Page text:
In times of constricted budgets, library decision-makers come under tremendous pressure to quantify and justify all of their content-based expenditures. Subscriptions they have taken out and relied upon for years suddenly come under the microscope for the first time. What is the cost per download? How central is this journal to our researchers? Will anyone care if we lose access to this database? No matter how illustrious the name or well-regarded the publisher, if content is not being used it is bound to be discussed in the yearly "What can we cancel?" conversation.

As subscriptions budgets continue to remain weak for 2010/2011, many publishers are VERY concerned about customer retention. Having exhausted their supply of finger-in-the-dam incentives -- 0% price increases, targeted discounts, free added products  -- content providers are having to look at more fundamental ways of staving off cancellation: namely, increasing usage.

When end-users are engaged and usage is good the chances of losing those essential journal, package and database subscriptions goes down exponentially. Publishers can go about trying to raise those usage statistics in a number of ways. Users guides, online tutorials, and similar resources are great because they allow librarians and researchers to orient themselves on their own terms. A video tutorial available on a publisher's platform is an easy, available tool that can make using the resource easier. For visibility, there are ways librarians can better position your titles or database in their online catalogs, and things they can do in the physical space such as putting up posters or displaying publisher ads on flat screen televisions in the library.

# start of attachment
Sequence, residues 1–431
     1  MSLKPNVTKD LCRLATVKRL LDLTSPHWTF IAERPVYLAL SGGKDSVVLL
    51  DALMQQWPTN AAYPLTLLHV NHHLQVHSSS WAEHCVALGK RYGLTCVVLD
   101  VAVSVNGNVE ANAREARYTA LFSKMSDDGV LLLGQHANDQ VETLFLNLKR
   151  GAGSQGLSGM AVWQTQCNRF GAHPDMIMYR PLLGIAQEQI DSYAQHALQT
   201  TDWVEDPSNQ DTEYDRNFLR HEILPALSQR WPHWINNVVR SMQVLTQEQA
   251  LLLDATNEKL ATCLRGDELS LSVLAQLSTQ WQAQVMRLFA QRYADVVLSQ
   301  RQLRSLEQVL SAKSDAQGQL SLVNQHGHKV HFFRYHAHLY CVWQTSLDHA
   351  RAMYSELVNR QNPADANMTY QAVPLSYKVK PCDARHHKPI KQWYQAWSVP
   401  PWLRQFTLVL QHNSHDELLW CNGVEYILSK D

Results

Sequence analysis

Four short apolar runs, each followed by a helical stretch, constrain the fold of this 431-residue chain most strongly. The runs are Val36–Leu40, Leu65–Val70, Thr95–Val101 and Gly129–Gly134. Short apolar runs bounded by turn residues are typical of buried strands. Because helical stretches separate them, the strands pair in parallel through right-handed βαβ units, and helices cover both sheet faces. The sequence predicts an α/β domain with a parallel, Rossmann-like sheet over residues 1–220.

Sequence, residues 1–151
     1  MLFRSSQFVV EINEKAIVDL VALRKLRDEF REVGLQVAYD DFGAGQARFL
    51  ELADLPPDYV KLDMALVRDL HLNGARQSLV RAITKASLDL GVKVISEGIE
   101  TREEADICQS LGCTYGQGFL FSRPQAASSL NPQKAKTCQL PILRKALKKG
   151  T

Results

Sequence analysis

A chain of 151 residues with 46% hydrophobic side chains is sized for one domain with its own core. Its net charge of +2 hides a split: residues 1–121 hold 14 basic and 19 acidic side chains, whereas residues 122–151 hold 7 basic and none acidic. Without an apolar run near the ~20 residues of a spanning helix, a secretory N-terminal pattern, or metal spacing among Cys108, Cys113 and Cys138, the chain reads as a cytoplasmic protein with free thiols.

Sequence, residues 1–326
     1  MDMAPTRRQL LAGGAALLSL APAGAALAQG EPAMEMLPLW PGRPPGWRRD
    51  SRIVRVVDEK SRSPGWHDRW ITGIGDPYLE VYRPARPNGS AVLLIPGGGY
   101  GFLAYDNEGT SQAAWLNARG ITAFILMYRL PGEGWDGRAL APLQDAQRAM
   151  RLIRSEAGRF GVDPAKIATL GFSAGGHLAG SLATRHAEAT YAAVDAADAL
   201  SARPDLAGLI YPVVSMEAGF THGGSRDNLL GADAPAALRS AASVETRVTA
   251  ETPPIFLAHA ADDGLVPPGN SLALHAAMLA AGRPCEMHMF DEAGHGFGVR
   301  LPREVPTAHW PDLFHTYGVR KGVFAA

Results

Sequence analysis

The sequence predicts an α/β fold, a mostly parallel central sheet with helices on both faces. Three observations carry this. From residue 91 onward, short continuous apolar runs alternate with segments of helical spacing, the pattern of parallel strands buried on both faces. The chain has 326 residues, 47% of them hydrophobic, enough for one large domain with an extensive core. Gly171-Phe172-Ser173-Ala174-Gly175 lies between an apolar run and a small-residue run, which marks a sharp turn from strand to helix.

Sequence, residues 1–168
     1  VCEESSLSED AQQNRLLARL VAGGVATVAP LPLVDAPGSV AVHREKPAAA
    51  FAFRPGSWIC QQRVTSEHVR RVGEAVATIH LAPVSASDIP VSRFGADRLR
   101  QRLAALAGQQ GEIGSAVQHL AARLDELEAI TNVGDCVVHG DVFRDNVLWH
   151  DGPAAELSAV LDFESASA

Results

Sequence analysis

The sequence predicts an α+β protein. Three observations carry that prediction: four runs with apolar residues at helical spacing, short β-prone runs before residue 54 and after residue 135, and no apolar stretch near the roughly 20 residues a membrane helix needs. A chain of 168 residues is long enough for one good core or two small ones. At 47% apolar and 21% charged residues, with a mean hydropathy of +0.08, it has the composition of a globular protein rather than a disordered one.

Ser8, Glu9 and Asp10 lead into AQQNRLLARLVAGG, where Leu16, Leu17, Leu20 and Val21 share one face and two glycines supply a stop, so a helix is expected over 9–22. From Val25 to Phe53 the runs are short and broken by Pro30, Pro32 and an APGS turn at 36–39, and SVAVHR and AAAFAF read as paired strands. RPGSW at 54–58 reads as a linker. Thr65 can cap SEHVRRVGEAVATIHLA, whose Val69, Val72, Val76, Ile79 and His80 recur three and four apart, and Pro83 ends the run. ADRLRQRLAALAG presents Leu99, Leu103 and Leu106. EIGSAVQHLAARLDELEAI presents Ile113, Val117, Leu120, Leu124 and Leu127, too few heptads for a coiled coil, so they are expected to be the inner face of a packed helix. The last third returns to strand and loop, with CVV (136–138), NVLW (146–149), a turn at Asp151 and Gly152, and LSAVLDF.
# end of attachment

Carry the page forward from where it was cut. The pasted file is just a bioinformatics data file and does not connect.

There are also more aggressive, direct ways of getting noticed.  Contacting end-users and researchers directly, be they university faculty, authors and editors, or independent researchers, can bring in new users in the same way that contacting librarians can bring in new sales. Mailings and calls can encourage end-users to notice and refer to your product, and in-person visits can advance the process that much quicker.

PCG conducts on-site, native-language training sessions for researchers and librarians in Europe, Latin America, and elsewhere, and the experience of our salespeople has been that such sessions are always a positive experience. On-site training can help raise your visibility, increase demand for your resources, and increase usage at currently-subscribing institutions. If organized right (like the session pictured), user training can get a message out to a wide swath of current and potential customers, and this makes training a particularly important exercise in an era of closely-watched usage reports.

[caption id="attachment_512" align="alignnone" width="510" caption="A particularly well-attended PCG training session in Manaus, Brazil"][/caption]